| 6:39 pm on Jan 6, 2008 (gmt 0)|
I would avoid that method. Google and others warn about it, and have done for several years.
| 8:11 pm on Apr 24, 2008 (gmt 0)|
Well, unfortunalty some competitors are very successfull with this strategie for akmost a year now - the last update didn't even scratch on their position. I tought as well that this is some kind of spamming, but it still seem to be good for your ranking. Google doesn't even seem to mind that all domains are registered to the same person.
| 8:29 pm on Apr 24, 2008 (gmt 0)|
|But now I have a competitor which ranks very well with that technique |
Are you sure that that your competitor is performing well because of this technique? Why have you picked this as the deciding factor?
| 8:45 pm on Apr 24, 2008 (gmt 0)|
It depends on the inlinks to those domains. If those links are #*$! then teh domains are worthless. If you put the content on some nice links then they are worth something.
| 12:49 am on Apr 25, 2008 (gmt 0)|
|Some years ago, it was a good idea to use one main-domain and build up some "satellite-domains" with content of the same subject as the main-domain whoch are linking to the main-domain. |
A "good idea" or has it ever been a sensible method ought to be the question!
I started doing this more than 10 years ago however with a specific idea in mind and I still continue to do this BUT let me briefly explain why and how.
Why? Simply because my worldwide industry is so large that one site would be a nightmare to control but also because most international buyers want to "feel" they are dealng direct with "The Source" in that specific country!
Trust me about this, our direct e-mail enquires to .cn/de/es/in/it/tr/etc rather than .com more than qualifies this.
How? For example I use example.com as the core site with good quality generic information etc and links leading away from that site may be example.cn/de/es/in/it/tr/etc to provide more in-depth technical information plus DIRECT contact information.
All the satellite sites have direct navigation back to the example.com site and the .mobi site.
Do not expect to create satellite sites with duplicate information, they must be much more authoratative and relevant otherwise they will fail.
Do not not even attempt to "BS" potential experienced buyers, you will get caught out or not last very long in your industry!
A core site with satellites requires very good planning and a clear focus however for those with genuine reasons for doing so it is a much more manageable group of sites.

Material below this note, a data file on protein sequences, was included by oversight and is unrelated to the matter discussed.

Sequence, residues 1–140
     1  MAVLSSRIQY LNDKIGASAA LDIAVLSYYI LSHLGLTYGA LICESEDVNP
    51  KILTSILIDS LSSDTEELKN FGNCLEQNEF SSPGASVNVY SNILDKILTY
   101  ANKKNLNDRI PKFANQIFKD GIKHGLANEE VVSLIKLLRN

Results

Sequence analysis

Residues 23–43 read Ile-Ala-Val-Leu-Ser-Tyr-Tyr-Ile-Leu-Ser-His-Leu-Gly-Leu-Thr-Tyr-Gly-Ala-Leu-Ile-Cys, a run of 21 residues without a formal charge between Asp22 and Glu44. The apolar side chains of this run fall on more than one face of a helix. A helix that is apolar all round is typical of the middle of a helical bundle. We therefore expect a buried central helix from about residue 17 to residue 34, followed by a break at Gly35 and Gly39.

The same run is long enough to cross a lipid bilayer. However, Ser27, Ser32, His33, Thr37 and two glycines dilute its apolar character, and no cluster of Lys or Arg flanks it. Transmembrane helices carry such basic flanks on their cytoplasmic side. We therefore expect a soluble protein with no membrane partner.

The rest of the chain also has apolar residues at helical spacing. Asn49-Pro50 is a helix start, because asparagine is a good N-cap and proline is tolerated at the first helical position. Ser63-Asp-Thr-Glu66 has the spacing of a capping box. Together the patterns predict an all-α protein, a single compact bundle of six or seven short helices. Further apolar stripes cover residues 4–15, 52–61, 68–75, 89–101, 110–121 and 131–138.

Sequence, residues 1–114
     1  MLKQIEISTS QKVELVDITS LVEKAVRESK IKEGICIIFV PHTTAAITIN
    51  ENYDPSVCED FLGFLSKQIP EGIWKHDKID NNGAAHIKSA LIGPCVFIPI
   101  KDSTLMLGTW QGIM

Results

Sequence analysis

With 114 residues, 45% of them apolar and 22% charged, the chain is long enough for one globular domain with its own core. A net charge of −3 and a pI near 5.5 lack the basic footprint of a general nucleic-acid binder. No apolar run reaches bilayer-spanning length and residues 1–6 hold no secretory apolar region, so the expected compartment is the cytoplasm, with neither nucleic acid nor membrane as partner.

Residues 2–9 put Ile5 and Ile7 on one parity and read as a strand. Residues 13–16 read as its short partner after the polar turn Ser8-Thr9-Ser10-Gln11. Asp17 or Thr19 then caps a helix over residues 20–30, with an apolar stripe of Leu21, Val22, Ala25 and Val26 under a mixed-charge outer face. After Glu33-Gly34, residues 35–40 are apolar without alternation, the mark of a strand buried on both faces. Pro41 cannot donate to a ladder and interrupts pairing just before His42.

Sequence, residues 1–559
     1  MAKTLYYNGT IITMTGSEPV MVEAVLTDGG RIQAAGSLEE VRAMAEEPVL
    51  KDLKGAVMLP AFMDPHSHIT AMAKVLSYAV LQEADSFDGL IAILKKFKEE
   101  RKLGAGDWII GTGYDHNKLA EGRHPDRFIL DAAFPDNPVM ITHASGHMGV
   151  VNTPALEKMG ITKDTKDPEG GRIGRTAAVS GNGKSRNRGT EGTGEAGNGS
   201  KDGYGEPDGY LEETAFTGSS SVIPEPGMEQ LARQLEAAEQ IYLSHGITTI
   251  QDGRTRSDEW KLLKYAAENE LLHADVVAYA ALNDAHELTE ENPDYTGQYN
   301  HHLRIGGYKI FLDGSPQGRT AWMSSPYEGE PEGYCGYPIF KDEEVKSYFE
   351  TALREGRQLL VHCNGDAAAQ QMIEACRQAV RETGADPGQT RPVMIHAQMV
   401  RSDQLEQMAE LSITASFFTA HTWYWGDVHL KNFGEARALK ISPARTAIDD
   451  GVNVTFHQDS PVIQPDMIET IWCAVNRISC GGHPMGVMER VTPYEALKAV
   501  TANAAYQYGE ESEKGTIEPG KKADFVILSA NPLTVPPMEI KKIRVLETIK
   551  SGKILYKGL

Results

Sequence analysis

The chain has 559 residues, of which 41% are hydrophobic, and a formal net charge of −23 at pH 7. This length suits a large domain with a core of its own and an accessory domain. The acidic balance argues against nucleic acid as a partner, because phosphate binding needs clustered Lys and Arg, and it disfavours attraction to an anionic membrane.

| 10:19 am on Apr 25, 2008 (gmt 0)|
|I would avoid that method. Google and others warn about it, and have done for several years. |
They warn, but they don't do anything. In this recent update (for the UK at least) this technique is used by many of the sites that have jumped from obscurity to the top 3 for high-value keyphrases. Those of us that have held the top spots for 3+ years are furious obviously.
The number 2 spot for the most valued phrase only has backlinks (those showing on Google) from five doorway sites that they created pointing to their main site. How did that rank above sites like ours that have 9,000+ backlinks? And we're one of the smaller sites that have been pushed out!
| 8:31 pm on Apr 25, 2008 (gmt 0)|
I reported one of these set ups this week, near identical sites which can only be described as "doorway sites". I'm not holding me breath though. Short term it looks like it is working.
Long term I can't see any problem with developing good quality sites with good content that amongst other things point to the main site. I have some of these created as a "resource for our customers" and I expect them to continue to work for years to come. I wouldn't dare do virtually identical keyword rich sites simply because one day the guys at Google will find a way to penalise you for it.
| 10:06 pm on Apr 25, 2008 (gmt 0)|
You can make it work if you put enough effort into it and take a certain amount of care. Lots of people do it successfully, but don't put all your eggs in one basket. This applies to all search marketing methods.